A British vegan activist group’s “misleading” advert linking cow’s milk to cancer has been banned.
Posters put out by Viva!, a veganism advocacy charity, featured an image of a cow’s udder and included the claims that hormones in cow milk are linked to cancer.
“Some dairy industry facts we bet you don’t know. Most cows are pregnant when milking. That’s why milk contains 35 hormones, including oestrogen … some of these are linked to cancer. Milk is for babies, so let Viva! wean you off the teat!” the advert reads.
The poster was displayed on buses in Bristol, UK, and flagged in September by watchdogs.
The people who complained about the ad to the Advertising Standards Authority (ASA) said that the claim “milk contains 35 hormones, including oestrogen … some of these are linked to cancer” implied that drinking cow’s milk could cause cancer.
The ad was banned by the ASA after a determination that Viva! was unable to substantiate claims with “robust evidence” that hormones in cow milk are linked to cancer.
In formulating its assessment, the ASA reviewed the body of scientific evidence put forward by Viva! in support of its claim.
Three scientific papers referred to by Viva!, in the opinion of the ASA, amounted to “discussions” of how substances found in milk might increase the risk of cancer and other diseases, but failed to provide “definitive evidence.”
The ASA challenged two of those papers on grounds of “conflicting evidence” and argued that none of the three papers subjected the studies that they referenced to a “rigorous analysis.”
The remaining four papers cited by Viva! were blasted for a range of shortcomings, including that findings were unreliable because of “confounding factors” that researchers were to account for.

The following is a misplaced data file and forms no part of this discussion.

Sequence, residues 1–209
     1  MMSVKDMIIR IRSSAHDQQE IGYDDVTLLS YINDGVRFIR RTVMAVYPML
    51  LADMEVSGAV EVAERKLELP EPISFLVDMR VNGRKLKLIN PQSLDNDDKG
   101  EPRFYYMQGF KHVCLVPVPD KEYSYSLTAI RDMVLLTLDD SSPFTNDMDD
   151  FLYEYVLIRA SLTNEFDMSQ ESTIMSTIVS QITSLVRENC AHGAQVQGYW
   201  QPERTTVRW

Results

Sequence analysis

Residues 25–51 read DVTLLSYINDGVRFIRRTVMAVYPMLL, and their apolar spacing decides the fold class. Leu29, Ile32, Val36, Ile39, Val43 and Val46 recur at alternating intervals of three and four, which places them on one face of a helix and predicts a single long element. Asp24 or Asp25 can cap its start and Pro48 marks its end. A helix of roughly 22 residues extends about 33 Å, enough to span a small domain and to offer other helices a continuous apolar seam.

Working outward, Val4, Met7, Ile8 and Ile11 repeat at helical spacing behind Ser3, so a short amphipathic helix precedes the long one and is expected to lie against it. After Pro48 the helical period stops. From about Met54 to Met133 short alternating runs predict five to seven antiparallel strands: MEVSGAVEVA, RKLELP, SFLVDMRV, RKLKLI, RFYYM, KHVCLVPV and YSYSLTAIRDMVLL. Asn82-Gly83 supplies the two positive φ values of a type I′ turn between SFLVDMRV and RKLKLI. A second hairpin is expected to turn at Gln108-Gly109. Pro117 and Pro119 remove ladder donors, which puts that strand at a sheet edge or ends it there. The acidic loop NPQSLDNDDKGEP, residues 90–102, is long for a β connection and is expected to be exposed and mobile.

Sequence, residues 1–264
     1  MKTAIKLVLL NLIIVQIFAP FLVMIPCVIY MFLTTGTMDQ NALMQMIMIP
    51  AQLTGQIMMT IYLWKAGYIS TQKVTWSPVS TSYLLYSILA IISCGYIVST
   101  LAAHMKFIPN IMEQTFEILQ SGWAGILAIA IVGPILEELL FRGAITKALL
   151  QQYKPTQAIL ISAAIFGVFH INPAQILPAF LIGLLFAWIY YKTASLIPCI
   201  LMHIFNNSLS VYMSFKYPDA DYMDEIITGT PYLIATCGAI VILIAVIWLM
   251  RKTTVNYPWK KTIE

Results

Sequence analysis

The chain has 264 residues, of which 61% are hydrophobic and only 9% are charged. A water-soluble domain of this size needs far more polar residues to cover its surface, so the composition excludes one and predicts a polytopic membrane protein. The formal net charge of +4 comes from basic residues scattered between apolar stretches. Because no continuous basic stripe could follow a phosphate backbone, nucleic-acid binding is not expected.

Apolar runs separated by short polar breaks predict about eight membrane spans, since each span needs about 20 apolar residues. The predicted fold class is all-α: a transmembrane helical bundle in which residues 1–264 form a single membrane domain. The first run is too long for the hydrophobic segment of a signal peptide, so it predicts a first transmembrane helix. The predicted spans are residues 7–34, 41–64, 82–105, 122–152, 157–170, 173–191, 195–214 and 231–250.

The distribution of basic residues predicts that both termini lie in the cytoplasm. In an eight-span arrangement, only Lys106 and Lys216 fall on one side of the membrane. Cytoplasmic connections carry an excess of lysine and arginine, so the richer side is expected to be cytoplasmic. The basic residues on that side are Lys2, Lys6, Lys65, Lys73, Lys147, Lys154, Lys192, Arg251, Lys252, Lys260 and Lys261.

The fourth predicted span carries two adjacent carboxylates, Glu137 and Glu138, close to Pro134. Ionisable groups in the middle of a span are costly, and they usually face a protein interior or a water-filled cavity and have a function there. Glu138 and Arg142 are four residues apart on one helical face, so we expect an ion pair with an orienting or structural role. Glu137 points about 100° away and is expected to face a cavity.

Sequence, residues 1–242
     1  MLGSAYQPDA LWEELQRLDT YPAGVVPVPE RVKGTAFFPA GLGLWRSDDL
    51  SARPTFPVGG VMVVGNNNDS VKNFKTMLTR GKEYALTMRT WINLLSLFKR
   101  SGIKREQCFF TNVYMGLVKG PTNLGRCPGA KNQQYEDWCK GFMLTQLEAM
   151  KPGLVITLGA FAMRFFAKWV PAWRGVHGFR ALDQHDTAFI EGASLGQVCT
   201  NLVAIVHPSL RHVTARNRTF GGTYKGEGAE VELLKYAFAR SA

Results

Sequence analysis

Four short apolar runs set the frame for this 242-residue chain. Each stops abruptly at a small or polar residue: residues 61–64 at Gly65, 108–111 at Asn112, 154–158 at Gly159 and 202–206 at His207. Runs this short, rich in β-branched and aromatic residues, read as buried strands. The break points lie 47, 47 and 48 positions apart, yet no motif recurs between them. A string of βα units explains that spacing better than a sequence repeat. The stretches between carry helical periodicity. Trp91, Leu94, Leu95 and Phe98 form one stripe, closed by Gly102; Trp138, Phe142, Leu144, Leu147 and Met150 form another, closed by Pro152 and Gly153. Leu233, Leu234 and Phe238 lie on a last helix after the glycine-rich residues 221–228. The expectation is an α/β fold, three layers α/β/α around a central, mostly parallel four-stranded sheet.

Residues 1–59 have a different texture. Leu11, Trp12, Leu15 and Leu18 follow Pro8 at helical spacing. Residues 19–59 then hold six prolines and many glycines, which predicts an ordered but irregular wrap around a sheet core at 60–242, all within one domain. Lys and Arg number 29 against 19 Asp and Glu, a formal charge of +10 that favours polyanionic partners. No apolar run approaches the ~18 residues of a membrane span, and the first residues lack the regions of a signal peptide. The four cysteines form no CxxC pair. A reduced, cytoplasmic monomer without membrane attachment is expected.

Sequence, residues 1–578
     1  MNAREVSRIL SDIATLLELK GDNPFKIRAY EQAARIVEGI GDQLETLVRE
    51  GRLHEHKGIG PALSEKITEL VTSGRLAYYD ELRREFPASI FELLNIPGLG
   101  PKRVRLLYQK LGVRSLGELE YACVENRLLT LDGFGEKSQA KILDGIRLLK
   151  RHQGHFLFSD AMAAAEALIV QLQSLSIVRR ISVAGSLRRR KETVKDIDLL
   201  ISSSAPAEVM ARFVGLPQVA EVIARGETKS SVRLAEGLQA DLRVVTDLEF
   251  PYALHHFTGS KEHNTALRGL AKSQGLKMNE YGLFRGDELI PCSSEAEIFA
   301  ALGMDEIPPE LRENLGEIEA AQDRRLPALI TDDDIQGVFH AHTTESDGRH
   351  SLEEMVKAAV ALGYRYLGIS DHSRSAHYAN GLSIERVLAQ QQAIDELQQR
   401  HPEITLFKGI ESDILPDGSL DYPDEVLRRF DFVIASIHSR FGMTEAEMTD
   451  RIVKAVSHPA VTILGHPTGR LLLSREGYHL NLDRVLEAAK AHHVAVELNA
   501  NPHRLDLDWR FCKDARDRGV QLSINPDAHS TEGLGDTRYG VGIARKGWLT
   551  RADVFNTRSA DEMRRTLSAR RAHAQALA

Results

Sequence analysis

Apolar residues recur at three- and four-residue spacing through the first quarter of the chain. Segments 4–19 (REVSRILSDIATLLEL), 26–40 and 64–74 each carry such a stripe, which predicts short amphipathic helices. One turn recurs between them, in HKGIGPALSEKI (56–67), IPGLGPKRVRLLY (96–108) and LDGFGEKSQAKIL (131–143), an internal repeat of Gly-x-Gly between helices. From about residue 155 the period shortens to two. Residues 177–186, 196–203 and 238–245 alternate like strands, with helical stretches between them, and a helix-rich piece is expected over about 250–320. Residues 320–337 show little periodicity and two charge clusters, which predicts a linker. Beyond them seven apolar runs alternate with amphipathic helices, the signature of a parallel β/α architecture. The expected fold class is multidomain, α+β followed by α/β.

According to the ASA, for the ad not to be banned, its claim must be supported by “robust evidence.”
“We considered that such a claim must be substantiated by robust evidence that demonstrated a link between the naturally occurring hormones in cow’s milk with incidences of cancer in human populations,” an ASA spokesperson said.
Viva! responded to the ASA ruling by emphasizing that they had provided “plenty of scientific evidence showing how dairy consumption and the hormones in dairy increase the risk of many types of cancer,” but did not address the shortcomings of the studies identified by ASA.
Instead, Viva! cited the findings of the studies.
“Recent epidemiological studies indicating a very strong relation between milk and dairy products high consumption and high incidence of testicular and prostate cancers,” Viva! wrote in a statement, citing a paper published in the Iranian Journal of Public Health.
Viva! also stressed that the ad stated the hormones were “linked to” cancer, rather than that they “caused” cancer.
But the ASA found the ad misleading and banned it.
“While the claim stated that some hormones in cow’s milk were ‘linked’ to cancer rather than definitively stating that they caused cancer, the ASA considered that consumers would nonetheless interpret it to mean that because of the hormones that were present in cow’s milk, drinking cow’s milk could increase a person’s risk of developing cancer,” an ASA spokesperson said.
“The studies and meta-analysis did not support Viva’s assertion that the findings of increased risk of cancer were specifically a result of the hormones present in cow’s milk rather than to other factors.”
“We therefore concluded the claim ‘milk contains 35 hormones, including oestrogen …some of these are linked to cancer’, as it would be understood by consumers to mean that due to the presence of hormones, drinking cow’s milk could increase a person’s risk of developing cancer, had not been substantiated and was therefore misleading.”
The spokesperson added that the ASA “told Viva! not to make claims which stated or implied that due to the presence of hormones, drinking cow’s milk could increase a person’s risk of developing cancer.”
Viva! founder and director Juliet Gellatley said: “there’s plenty of scientific data linking milk and other dairy products to an increased risk of some cancers and many researchers are pointing the finger of blame at the hormones naturally present in dairy.”